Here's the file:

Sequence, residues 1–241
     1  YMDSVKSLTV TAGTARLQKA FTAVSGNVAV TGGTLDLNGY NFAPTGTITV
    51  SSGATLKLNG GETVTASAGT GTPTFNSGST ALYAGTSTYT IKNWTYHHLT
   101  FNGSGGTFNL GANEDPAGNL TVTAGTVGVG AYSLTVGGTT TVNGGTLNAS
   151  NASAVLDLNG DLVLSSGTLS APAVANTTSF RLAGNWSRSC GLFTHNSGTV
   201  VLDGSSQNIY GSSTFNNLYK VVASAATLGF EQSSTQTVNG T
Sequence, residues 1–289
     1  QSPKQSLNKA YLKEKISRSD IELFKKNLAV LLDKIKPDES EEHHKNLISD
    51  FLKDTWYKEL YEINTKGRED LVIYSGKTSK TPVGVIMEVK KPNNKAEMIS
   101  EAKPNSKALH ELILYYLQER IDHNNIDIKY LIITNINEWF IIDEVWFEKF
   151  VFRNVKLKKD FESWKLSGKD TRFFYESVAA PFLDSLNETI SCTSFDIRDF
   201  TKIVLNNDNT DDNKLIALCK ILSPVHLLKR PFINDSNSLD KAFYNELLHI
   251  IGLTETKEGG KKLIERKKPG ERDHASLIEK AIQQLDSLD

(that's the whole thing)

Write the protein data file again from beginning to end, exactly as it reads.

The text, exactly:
Sequence, residues 1–241
     1  YMDSVKSLTV TAGTARLQKA FTAVSGNVAV TGGTLDLNGY NFAPTGTITV
    51  SSGATLKLNG GETVTASAGT GTPTFNSGST ALYAGTSTYT IKNWTYHHLT
   101  FNGSGGTFNL GANEDPAGNL TVTAGTVGVG AYSLTVGGTT TVNGGTLNAS
   151  NASAVLDLNG DLVLSSGTLS APAVANTTSF RLAGNWSRSC GLFTHNSGTV
   201  VLDGSSQNIY GSSTFNNLYK VVASAATLGF EQSSTQTVNG T
Sequence, residues 1–289
     1  QSPKQSLNKA YLKEKISRSD IELFKKNLAV LLDKIKPDES EEHHKNLISD
    51  FLKDTWYKEL YEINTKGRED LVIYSGKTSK TPVGVIMEVK KPNNKAEMIS
   101  EAKPNSKALH ELILYYLQER IDHNNIDIKY LIITNINEWF IIDEVWFEKF
   151  VFRNVKLKKD FESWKLSGKD TRFFYESVAA PFLDSLNETI SCTSFDIRDF
   201  TKIVLNNDNT DDNKLIALCK ILSPVHLLKR PFINDSNSLD KAFYNELLHI
   251  IGLTETKEGG KKLIERKKPG ERDHASLIEK AIQQLDSLD